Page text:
F-statistic or LR chi2 for probit 1275.31 1102.48 691.25 667.06 13088 13923.93

Note.

***, **, * indicate statistical significance on 1%, 5%, and 10% level, respectively.

Source: Own calculations.

Before interpreting the results, it should be emphasised that in the case of access score and use score, the lower the values, the higher the access to or the use of financial products (that derives from construction of the indices). The counterintuitive relation between confidence in banks and the probability of having an account at a financial institution in models may be due to many other variables affecting trust in general, which did not allow us to capture the real impact of bank_trust variable (addressed later in instrumental approach). Another plausible explanation is, that owning a bank account in many situations is a necessity (for example to receive salary, so such a basic and standard product is not influenced by an individual's trust.) Regardless of the dependent variable used, the variable easy_lang is associated with lower scores and lower probability of owning an account, which seems difficult to reason. As suggested by Allen et al. (2016), it is possible that awareness of the costs and requirements may discourage people from using the product. If so, when people understand more about a financial contract, they become aware of the associated costs.

Being in a higher income quantile results in higher probability of owning an account as well as bigger intensity of the use of financial products compared to the base level, the lowest 0.2 quantile. Women are less likely to hold an account than men, and when they do, they use financial services less often. As noted in a study by Bucher-Koenen et al. (2021), women are less confident about their financial knowledge and as much as one-third of the gender difference in FL can be explained by limited confidence. The education level above the primary level increases the probability of having an account as well as the frequency of use of financial products. When both FL and trust are included in the model, the effect of easy_lang is smaller for the use score and probability measure. The results support our hypothesis of the importance of individual characteristics (H5); however, they imply that the relation between trust and language is not straightforward and may not be possible to capture using OLS methods.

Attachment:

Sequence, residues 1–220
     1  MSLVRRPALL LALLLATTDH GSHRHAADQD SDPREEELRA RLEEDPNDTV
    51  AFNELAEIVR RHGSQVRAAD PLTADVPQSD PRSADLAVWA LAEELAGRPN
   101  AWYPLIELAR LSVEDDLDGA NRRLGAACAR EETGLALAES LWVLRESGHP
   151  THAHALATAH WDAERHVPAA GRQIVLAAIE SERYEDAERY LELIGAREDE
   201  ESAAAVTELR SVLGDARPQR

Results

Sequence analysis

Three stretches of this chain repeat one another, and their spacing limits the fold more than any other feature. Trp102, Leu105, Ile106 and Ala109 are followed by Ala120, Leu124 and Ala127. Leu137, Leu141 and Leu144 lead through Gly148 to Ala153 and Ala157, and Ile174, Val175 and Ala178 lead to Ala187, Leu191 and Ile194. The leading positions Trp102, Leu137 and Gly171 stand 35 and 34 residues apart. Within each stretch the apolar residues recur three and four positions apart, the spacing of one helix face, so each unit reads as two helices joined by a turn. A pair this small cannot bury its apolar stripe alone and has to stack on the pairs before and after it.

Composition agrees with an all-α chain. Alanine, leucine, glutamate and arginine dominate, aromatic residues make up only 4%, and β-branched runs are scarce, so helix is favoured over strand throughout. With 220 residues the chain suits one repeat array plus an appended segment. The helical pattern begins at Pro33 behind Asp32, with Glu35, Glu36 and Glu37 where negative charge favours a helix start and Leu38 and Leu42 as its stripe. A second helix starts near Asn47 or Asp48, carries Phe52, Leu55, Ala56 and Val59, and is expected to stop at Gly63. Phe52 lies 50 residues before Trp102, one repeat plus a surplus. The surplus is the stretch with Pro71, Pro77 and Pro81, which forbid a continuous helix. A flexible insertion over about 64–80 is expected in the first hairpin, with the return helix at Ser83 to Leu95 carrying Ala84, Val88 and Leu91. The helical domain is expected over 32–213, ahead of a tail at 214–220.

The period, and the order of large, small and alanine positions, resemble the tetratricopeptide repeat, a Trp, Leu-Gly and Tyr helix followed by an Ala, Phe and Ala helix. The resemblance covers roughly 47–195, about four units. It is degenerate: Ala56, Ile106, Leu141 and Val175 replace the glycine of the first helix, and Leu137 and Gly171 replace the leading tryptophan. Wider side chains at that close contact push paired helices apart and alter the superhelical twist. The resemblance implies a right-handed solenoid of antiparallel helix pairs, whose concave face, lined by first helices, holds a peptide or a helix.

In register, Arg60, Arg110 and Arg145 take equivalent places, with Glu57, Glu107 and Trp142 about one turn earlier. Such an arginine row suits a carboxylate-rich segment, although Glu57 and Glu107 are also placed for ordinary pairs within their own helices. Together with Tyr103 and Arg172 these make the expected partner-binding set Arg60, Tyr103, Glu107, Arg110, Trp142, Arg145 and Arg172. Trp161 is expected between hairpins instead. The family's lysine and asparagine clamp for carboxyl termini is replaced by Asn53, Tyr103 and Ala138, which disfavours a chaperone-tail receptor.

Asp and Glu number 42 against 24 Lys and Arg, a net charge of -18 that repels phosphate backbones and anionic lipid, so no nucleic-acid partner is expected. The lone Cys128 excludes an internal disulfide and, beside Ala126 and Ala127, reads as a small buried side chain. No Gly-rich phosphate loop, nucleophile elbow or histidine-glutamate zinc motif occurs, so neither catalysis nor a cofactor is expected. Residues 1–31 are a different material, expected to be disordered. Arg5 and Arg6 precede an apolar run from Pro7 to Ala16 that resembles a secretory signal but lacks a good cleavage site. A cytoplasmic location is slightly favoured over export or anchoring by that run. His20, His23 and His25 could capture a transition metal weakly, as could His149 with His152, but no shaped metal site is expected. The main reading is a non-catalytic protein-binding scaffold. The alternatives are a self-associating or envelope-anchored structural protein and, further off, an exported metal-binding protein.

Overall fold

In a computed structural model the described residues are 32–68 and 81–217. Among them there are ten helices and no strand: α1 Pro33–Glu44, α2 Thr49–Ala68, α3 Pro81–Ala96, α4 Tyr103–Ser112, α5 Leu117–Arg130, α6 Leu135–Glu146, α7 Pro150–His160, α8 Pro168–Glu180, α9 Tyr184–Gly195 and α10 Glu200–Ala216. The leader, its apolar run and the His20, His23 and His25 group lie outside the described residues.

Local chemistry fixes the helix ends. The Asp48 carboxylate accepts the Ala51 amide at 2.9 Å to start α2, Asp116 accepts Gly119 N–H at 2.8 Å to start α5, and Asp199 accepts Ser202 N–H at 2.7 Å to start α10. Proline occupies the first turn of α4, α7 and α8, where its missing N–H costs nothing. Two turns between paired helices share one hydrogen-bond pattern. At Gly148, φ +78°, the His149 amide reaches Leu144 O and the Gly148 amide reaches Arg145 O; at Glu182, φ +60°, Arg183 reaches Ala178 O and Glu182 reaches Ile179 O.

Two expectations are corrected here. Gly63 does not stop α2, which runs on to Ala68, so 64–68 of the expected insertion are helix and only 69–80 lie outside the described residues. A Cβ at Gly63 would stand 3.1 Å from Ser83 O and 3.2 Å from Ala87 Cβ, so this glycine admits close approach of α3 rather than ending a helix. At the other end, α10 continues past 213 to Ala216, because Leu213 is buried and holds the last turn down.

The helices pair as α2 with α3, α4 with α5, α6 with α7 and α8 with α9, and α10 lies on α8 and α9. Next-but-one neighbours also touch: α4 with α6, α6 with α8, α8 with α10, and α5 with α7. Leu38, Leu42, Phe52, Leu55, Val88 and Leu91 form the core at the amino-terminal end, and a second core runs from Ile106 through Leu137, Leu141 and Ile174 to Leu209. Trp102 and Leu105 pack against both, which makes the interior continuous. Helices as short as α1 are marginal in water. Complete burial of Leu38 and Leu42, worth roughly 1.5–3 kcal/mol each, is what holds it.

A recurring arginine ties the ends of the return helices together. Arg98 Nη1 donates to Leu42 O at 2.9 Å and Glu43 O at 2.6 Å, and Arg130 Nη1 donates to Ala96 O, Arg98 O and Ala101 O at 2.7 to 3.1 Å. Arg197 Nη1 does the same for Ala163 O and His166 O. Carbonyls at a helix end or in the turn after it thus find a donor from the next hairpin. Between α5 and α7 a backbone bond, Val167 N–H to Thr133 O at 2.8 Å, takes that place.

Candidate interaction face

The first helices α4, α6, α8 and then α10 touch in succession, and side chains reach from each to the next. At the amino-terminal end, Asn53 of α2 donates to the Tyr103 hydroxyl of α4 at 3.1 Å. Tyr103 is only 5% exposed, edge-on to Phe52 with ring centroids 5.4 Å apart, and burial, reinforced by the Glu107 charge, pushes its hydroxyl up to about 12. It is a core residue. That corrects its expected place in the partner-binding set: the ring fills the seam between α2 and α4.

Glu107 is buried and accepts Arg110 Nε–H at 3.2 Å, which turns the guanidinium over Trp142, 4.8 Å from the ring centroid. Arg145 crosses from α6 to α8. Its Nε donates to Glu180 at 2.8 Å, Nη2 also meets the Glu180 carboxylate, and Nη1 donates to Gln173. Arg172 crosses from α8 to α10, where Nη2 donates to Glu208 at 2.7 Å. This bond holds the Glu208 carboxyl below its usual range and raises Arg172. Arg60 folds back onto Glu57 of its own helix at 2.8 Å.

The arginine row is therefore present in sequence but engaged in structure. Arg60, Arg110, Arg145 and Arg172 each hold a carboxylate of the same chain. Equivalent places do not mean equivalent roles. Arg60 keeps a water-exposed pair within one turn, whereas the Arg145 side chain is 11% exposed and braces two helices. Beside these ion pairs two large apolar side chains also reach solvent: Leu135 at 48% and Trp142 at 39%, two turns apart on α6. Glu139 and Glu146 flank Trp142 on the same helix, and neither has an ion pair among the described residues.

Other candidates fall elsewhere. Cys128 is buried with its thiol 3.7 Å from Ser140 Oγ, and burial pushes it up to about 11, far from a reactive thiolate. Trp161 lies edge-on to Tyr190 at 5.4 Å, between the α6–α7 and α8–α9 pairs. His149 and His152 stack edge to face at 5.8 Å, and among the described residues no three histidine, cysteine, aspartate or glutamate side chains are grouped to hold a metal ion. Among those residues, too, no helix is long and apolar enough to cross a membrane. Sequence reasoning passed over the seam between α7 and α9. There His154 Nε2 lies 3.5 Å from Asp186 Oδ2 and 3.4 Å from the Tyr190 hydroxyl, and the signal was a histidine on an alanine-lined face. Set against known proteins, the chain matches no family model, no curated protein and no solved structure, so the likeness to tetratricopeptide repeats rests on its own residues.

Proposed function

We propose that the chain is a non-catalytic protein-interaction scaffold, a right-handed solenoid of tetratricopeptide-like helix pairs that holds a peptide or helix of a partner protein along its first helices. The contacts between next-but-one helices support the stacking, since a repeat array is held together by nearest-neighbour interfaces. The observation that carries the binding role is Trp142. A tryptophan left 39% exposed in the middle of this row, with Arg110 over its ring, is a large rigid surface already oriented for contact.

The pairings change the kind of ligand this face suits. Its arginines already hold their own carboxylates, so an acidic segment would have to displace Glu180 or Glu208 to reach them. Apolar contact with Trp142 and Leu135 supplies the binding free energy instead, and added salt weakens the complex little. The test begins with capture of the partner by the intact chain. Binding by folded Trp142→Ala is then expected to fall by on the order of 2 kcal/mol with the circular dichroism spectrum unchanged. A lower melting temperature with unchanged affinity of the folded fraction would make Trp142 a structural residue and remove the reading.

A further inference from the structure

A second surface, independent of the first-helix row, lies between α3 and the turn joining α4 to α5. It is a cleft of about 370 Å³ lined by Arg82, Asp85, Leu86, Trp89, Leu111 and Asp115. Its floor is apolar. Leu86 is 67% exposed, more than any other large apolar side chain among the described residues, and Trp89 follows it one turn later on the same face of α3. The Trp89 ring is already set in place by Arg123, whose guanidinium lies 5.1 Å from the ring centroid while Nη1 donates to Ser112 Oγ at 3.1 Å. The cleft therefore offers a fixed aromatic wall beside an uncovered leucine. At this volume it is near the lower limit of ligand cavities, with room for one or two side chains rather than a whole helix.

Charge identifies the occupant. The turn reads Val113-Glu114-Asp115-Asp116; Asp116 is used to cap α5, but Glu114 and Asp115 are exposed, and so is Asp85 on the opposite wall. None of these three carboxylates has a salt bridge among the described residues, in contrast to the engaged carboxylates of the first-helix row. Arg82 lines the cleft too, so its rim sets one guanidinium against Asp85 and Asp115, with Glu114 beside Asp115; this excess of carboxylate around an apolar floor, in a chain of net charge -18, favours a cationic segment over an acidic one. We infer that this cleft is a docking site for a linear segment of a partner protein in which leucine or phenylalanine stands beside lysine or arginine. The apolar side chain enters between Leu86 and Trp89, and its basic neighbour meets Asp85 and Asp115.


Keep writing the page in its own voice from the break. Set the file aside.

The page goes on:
IV Regression: Individual Level

The aim of this study is to investigate the relationship between FI, understanding of finance, and trust in the banking system. So far, the obligation to provide some information in plain and/or local language was found statistically significant (even though the impact was counterintuitive) for different inclusion measures, specifically in the absence of a trust control variable. However, there are other factors that influence trust and do not have direct impact on financial decisions. Hypothetically, in a linguistically diverse society, communication is much harder than in uniform groups, which may lead to more conflicts, but in the context of finance, it would make the process of obtaining the information more difficult and prone to misunderstandings. As discussed (in Section 2.3), the problem with the trust variable stems from its likely correlation with an unobserved component reflecting the understanding of a financial contract, or financial communication. Should that be the case, then the trust variable and an error term would be correlated, and the obtained estimator would be inconsistent. To deal with this issue, we employ an instrumental variable—linguistic diversity, which, on theoretical ground, is not likely to be a direct determinant of FI, but seems to be correlated with the level of social capital, with trust being one of the main components of social capital (Wang & Steiner, 2015).

The method of estimation is 2SLS. Linguistic diversity was chosen as a potential instrument of trust—in this case, trust in banks. The literature documents other valid instruments for trust in reference to finance. Xu (2020) equated trust with population density and share of Protestants and shows the accuracy of such instruments for accurately predicting influence of trust on FI for various measures of FI. Baronchelli et al. (2020) analysed the importance of linguistic distance between the official language and an ordinary language spoken in a given country on fiscal accountability. Following an instrumental variable approach, they estimated the significance of communication gap between the state and its citizens. They instrumented accountability with average linguistic difference from the official language (ADOL) and have found negative relationship of linguistic distance on accountability. Employing linguistic diversity as an instrument, to the best of our knowledge, has not been studied so far. Table 4 presents the results of instrumental regression.